The portion of the wife from inheritance is very limited. Women will get only a quarter of the furniture and liquid assets of the deceased spouse, such as money, trees or building, if there are no children, and if there are children, her portion is reduced to one-eighth. The inheritance does not include land or farms, which are known as immovable property. If a man has more than one wife, the portion of the wives, the one-eighth, is divided equally between them.36 Furthermore, if the man and wife have no other inheriting parties, the man inherits all of his wifeâ€™s properties and assets, but the woman will inherit only her designated quarter of her husbandâ€™s property, as mentioned above, and the rest will be given to the government.37 An example of this inheritance law in action is that Iranian women own only one percent of all farm land in Iran, which is a very small percentage given the number of women who work in rural communities.
Islamic Republic of Iran has never created a balance between the right of a man to divorce, and the right of a woman to divorce. Nonetheless, a few measures were introduced so that women are able to improve their domestic rights. One such action was that marriage conditions have been published in marriage certificates. These conditions have been in place since the beginning of Islam. Marriage conditions allow women to request certain rights, such as the right to divorce, before the marriage takes place. If the man agrees to them, then the woman is entitled to request a divorce from a court whenever she chooses. There are women who convince their fiancÃ©es to accept all or some of the conditions. In this manner, they obtain better terms once the marriage is ending. Under no circumstances can such conditions replace the law, and will never be a permanent status since many men will not agree to all the conditions. One more act that the Iranian government has taken is that the mehriyeh38 (dowry) will be calculated with accordance to the inflation in the country, a decision that greatly benefits women. Another act is that a woman who is divorced by her husband has gained the right to receive an amount called ojratâ€™ul mesl39 (compensation) from her husband. The amount of this money is to be decided by the court expert working on the case. All in all, a man has unlimited power to divorce, and a woman has a conditional right to divorce that must be proven to court. In most cases, to be able to divorce, a woman renounces all of her financial benefits to obtain the manâ€™s acceptance and sometimes even pays out of pocket too. Hence, it must be said that, for as long as the balance between the rights to divorce is not created, none of the decisions that the Islamic Republic of Iran has taken will help women feel more secure in the long run.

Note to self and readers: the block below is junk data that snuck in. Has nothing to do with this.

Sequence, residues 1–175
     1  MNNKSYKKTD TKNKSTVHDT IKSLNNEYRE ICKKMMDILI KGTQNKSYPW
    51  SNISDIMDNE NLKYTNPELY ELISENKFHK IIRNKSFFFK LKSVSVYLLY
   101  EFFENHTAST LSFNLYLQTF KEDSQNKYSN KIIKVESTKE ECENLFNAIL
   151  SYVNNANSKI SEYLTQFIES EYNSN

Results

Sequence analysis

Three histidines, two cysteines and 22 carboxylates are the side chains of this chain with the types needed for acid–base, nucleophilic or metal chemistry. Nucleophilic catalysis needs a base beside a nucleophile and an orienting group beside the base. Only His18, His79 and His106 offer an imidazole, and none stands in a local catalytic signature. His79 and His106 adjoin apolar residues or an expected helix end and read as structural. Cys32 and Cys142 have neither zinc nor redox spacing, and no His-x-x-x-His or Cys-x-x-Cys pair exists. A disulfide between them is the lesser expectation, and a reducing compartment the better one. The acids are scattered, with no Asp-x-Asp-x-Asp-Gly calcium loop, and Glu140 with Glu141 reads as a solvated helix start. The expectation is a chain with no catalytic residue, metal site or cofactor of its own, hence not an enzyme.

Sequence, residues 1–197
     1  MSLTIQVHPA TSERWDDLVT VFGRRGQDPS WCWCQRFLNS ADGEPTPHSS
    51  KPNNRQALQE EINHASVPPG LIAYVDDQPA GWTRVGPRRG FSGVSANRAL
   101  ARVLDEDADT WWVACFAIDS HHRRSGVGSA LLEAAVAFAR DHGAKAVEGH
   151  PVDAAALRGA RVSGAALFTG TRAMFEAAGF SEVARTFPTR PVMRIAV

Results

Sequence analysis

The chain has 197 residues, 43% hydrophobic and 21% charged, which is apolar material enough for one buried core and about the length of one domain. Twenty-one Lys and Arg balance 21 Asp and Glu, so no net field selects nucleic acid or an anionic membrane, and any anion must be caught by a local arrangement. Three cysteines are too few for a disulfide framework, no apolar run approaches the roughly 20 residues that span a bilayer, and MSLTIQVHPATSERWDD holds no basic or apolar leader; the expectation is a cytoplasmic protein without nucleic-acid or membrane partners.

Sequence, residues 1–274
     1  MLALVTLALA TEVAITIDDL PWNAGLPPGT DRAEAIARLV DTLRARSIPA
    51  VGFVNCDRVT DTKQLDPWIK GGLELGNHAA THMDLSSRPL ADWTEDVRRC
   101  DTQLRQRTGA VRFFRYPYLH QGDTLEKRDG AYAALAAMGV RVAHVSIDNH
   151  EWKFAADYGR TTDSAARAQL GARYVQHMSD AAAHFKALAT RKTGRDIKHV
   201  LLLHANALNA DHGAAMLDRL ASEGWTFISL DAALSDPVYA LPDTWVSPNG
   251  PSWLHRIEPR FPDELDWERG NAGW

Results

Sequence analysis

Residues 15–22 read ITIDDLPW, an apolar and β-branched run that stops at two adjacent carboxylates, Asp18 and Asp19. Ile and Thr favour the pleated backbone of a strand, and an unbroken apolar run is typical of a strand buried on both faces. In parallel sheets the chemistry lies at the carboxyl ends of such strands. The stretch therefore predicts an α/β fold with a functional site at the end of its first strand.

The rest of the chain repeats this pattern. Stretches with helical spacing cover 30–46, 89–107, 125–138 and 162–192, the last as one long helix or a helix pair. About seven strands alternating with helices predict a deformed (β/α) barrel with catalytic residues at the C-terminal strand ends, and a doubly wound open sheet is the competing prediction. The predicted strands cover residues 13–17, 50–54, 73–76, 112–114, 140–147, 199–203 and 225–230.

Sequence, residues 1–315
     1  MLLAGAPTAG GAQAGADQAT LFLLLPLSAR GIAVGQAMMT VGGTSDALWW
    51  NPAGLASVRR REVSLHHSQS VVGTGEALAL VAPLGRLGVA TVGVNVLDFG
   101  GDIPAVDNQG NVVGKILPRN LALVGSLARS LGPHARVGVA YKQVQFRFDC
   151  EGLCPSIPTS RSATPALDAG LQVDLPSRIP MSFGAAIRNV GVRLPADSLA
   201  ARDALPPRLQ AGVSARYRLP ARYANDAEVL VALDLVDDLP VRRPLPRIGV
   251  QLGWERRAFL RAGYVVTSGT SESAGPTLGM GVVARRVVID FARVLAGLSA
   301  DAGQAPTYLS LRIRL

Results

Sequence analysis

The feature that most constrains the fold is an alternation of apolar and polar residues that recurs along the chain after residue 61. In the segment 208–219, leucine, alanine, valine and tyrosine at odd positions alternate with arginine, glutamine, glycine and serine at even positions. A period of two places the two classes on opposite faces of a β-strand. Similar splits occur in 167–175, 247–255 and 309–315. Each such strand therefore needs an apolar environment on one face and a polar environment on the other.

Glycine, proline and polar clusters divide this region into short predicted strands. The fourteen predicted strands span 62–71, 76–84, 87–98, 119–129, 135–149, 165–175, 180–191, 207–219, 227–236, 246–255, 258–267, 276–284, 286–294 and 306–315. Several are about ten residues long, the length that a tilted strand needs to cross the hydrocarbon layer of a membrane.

In the case of a murder, the blood money of a Muslim woman is half that of the Muslim man. In a similar case, the blood money of a non-Muslim woman is also half that of the non-Muslim man. In such cases, if the family of the murdered woman insists on qisas (retribution), then they are obliged to pay half of the blood money to either the murderer or his family.40 This is the most obvious and outrageous case of discrimination that has entered the Iranian law through the extremist religious opinion. There are marjas41 who do not subscribe to this point of view42) and believe that this law is amendable yet radical forces are unwilling to budge. One such marjas, Ayatollah Saneâ€™i says â€œâ€¦ there is no racial discrimination in Islamic laws, and the black and the white are equal. Nor is there sexism and discrimination on the grounds of nationality.â€ 43
In most cases, the testimony of women is not sufficient in a court of law.44 In some cases, the testimony of two women is the same as that of one man.45 Most of the time, the fine (diyah) for a womanâ€™s lost limb is half that of a man.46 Women are tried as adults after the age of 9, whereas men are tried as adults once they reach the age of 15.47 When a father or paternal grandfather murders his child or grandchild, the perpetrator does not face the death penalty and may be asked to pay only blood money, which may be waved by the court all together. However, if a mother kills her children, and is proven guilty, then she will be subject to the law and punished accordingly, which means she will get the death penalty.48 What this means, is that from the perspective of lawmakers, who are all Islamic extremists, fathers and paternal grandfathers are not only full guardians and responsible for the personal and financial affairs of their children and grand children, they also own the lives of those children and can spare those lives at their discretion.
Discrimination in Employment
Officers of the Court